$ ls [files-or-directories]
List files and/or directories. If no argument is given, the contents of current directory are shown.
$ ls example file1.txt file2.txt file3.txt
If a directory is given as an argument, files and directories in that directory are shown.
$ ls /usr bin games include lib lib64 local sbin share src
‘ls -l’ displays a long listing of the files.
$ ls -l total 4 drwxr-xr-x 2 raghu raghu 4096 2012-07-06 12:52 example -rw-r--r-- 1 raghu raghu 0 2012-07-06 12:52 file1.txt -rw-r--r-- 1 raghu raghu 0 2012-07-06 12:52 file2.txt -rw-r--r-- 1 raghu raghu 0 2012-07-06 12:52 file3.txt
In this long listing, the first character is 'd' or '-'. It distinguishes between file types. The entries with a '-' (dash) are regular files, and ones with 'd' are directories. The next 9 characters are permissions ('rwxr-xr-x' in first listing). The number following the permissions is the link count. Link count follows user and group owner. In the above example, the file owner is 'raghu' and group owner is 'raghu' as well. Next is the size of the file. And then time stamp before the name of file (or directory).
By default, hidden files or directories are not shown, to see hidden files as well, -a option is used. Hidden files in Linux start with a period sign (.). Any file that starts with a period is hidden. So, to hide a file, you just need to rename it (and put a period before it).
$ ls -la odesk total 16 drwxr-xr-x 4 raghu raghu 4096 2012-07-06 13:46 . drwxr-xr-x 11 raghu raghu 4096 2012-07-06 13:15 .. drwxr-xr-x 2 raghu raghu 4096 2012-07-06 12:52 example -rw-r--r-- 1 raghu raghu 0 2012-07-06 12:52 file1.txt -rw-r--r-- 1 raghu raghu 0 2012-07-06 12:52 file2.txt -rw-r--r-- 1 raghu raghu 0 2012-07-06 12:52 file3.txt drwxr-xr-x 2 raghu raghu 4096 2012-07-06 13:46 .hiddendir -rw-r--r-- 1 raghu raghu 0 2012-07-06 13:46 .hiddenfile1.txt -rw-r--r-- 1 raghu raghu 0 2012-07-06 13:46 .hiddenfile2.txt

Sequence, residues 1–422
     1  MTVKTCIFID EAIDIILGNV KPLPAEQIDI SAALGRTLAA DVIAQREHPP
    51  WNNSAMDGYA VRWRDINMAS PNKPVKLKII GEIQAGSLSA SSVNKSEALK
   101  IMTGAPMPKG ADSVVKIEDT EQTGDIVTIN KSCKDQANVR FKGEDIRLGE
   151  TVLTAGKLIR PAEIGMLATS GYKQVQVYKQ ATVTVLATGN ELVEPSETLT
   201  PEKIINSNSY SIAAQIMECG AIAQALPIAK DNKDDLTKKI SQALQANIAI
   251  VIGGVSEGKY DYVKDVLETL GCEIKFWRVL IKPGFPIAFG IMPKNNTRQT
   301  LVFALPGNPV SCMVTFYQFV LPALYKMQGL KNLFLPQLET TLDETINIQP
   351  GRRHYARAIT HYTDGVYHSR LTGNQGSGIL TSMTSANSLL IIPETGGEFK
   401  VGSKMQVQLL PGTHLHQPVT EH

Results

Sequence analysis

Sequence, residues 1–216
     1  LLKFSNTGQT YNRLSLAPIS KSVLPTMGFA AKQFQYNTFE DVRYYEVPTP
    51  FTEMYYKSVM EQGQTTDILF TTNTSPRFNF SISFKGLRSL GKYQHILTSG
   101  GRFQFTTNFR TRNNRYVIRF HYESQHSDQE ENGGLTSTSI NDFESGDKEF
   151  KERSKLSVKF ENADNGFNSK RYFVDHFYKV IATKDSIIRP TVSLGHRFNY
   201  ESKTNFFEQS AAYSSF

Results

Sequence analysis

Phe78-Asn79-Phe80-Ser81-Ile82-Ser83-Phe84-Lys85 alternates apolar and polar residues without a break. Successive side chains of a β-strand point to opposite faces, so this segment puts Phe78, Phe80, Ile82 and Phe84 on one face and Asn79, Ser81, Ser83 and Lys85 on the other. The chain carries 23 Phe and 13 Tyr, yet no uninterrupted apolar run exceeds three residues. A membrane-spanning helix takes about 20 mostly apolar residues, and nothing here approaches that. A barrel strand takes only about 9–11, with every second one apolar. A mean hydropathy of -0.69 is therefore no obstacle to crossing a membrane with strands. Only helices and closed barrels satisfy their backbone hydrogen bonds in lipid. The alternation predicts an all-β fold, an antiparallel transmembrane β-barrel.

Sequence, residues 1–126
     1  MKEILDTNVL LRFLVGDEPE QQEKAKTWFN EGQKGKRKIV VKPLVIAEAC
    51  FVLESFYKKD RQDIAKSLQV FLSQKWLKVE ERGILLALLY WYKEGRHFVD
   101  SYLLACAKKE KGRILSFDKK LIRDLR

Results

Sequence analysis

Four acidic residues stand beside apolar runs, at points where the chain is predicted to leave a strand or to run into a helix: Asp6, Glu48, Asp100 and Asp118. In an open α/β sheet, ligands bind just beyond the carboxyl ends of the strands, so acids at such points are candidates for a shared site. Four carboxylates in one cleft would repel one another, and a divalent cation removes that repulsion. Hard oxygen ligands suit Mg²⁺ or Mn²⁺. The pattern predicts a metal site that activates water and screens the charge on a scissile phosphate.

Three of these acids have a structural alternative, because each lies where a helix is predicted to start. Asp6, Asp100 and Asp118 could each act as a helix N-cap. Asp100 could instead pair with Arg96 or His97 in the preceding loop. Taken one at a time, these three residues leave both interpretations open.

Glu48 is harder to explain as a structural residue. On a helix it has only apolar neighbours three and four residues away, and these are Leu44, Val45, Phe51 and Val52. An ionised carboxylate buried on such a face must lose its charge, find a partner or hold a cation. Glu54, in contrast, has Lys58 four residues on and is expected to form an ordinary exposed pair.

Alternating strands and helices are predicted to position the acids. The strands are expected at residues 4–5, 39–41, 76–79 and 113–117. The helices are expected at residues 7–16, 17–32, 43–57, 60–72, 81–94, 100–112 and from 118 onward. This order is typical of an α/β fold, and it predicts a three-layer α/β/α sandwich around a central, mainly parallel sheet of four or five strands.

If you want to see the properties of a directory instead of the files contained in it, use -d (with -l) option:
$ ls -ld odesk/ drwxr-xr-x 4 raghu raghu 4096 2012-07-06 13:46 odesk/
Creating files and directories
15) mkdir command
To create a directory, the ‘mkdir’ command is used.
$ mkdir example $ ls -l total 4 drwxr-xr-x 2 raghu raghu 4096 2012-07-06 14:09 example
16) touch command
For creating an empty file, use the touch command.
$ touch file1 file2 file3 $ ls -l total 4 drwxr-xr-x 2 raghu raghu 4096 2012-07-06 14:09 example -rw-r--r-- 1 raghu raghu 0 2012-07-06 14:20 file1 -rw-r--r-- 1 raghu raghu 0 2012-07-06 14:20 file2 -rw-r--r-- 1 raghu raghu 0 2012-07-06 14:20 file3